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Nothing is Over Nothing


Rental Format(s): 16mm film

...is a red message sprayed on a wall in Jerusalem, but also the filmmaker's statement on legacies and the unspoken contract of giving and receiving. A female voice reads from the previously quoted Twain book:

"There were other places where the lord fell, and others where he rested; but one of the most curious landmarks of ancient history we found, on this morning walk through the crooked lanes toward Calvary, was a certain stone built into a house--a stone that was so seemed and scarred that it bore a sort of grotesque resemblance to the human face.
The projections that answered for cheeks were worn smooth by the passionate kisses of generations of pilgrims from distant lands. We asked 'Why?'
The guide said that it was because this was one of 'the very stones of Jerusalem' that Christ mentioned when he was reproved for permitting the people to cry 'Hosannah!' when he made his memorable entry into the city upon an ass. One of the pilgrims said, 'But there is no evidence that the stones did cry out--Christ said that if the people stopped from shouting Hosannah, the very stones would do it.'
The guide was perfectly serene. He said calmly, 'This is one of the stones that would have cried out.'"

Schwartz scrutinizes the city and its inhabitants, sometimes from a very close vantage, other times from afar, but always with a feeling of respect and belonging. The audio recordings are sometimes suddenly interrupted, as the images are separated by a few seconds of black. These silences incorporate into the film a Beckettian awareness of the ungraspable, the unnamable, of the tension between sharpness and blurriness, revealing and concealing, restraining and releasing. The other is and will always be an intimate stranger, and the camera is there to come to terms with this reality. The film has the ephemeral delicacy of a love song to the other. Though similar in formal approach, Schwartz's film is a more romanticized experience than the acute cinematic work that filmmaker Larry Gottheim created in Machete Gillette...Mama (1989, 1991) after visiting the Dominican Republic. Ethnology is sifted through subjectivity, and travel follows a sentimental map, up to the unknown, where melodies help us remember, faces stare in silence, and architecture suits passing time. There is also a dissociation of image from audio--surrounded by sounds from the Jordan River, the Mediterranean Sea, the radio, the street markets, vinyl records, and nonchalant conversations, Schwartz develops a relationship with the world, but also with himself and his own creative process. In 2001 Schwartz traveled to Calcutta with his dear friend and mentor, filmmaker Mark LaPore, who Schwartz assisted in recording the sound for the film Kolkata: "From that experience I think I learned to respect the world when filming or recording, or looking and listening," he explained. - Monica Saviron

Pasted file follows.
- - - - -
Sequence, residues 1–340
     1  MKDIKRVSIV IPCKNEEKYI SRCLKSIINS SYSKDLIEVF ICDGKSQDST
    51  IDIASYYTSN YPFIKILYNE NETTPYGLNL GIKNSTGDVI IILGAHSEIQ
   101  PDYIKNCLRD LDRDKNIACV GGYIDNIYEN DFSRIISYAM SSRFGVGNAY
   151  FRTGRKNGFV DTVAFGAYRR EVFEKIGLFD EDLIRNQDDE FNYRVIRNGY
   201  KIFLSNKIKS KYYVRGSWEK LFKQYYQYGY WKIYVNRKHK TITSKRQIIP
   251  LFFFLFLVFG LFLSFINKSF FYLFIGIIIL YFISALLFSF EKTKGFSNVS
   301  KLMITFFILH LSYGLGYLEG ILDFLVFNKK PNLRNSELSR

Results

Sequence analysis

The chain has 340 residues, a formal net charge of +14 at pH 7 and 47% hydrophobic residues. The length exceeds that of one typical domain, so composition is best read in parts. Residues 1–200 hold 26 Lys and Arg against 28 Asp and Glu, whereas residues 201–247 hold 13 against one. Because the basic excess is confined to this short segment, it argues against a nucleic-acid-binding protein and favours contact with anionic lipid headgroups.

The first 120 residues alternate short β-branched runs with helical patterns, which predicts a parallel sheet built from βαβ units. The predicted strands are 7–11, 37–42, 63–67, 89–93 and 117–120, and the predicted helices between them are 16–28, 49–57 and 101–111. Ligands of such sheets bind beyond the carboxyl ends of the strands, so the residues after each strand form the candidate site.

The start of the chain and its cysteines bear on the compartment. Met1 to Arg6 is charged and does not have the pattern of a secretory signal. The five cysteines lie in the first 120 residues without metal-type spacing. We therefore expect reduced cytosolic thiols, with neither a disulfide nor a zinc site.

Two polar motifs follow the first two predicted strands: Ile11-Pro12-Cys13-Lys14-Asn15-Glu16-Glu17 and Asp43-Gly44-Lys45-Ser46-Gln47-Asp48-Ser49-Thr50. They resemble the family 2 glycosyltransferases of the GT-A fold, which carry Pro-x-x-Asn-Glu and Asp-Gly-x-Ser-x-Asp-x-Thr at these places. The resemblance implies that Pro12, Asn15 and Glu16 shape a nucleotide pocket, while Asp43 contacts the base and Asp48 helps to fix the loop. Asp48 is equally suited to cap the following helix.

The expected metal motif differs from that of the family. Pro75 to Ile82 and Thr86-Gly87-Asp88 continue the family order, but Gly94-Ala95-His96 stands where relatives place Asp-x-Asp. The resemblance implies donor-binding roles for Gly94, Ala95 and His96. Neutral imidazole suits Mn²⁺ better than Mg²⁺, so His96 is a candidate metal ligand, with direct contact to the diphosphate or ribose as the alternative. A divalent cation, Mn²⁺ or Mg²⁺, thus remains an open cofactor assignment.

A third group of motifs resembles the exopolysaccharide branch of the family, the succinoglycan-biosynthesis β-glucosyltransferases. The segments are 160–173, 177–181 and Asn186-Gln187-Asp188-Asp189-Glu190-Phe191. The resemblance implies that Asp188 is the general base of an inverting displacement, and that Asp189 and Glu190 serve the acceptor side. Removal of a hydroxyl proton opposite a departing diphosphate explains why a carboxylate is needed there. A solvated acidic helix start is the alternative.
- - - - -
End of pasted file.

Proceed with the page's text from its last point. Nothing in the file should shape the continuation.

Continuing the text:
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16mm film $64.00  

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